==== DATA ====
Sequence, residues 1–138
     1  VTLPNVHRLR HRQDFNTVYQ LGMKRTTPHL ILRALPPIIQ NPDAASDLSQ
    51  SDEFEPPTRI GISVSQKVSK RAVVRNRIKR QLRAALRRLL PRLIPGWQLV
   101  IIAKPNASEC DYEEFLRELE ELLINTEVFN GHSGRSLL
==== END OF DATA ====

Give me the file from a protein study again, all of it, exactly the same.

Sequence, residues 1–138
     1  VTLPNVHRLR HRQDFNTVYQ LGMKRTTPHL ILRALPPIIQ NPDAASDLSQ
    51  SDEFEPPTRI GISVSQKVSK RAVVRNRIKR QLRAALRRLL PRLIPGWQLV
   101  IIAKPNASEC DYEEFLRELE ELLINTEVFN GHSGRSLL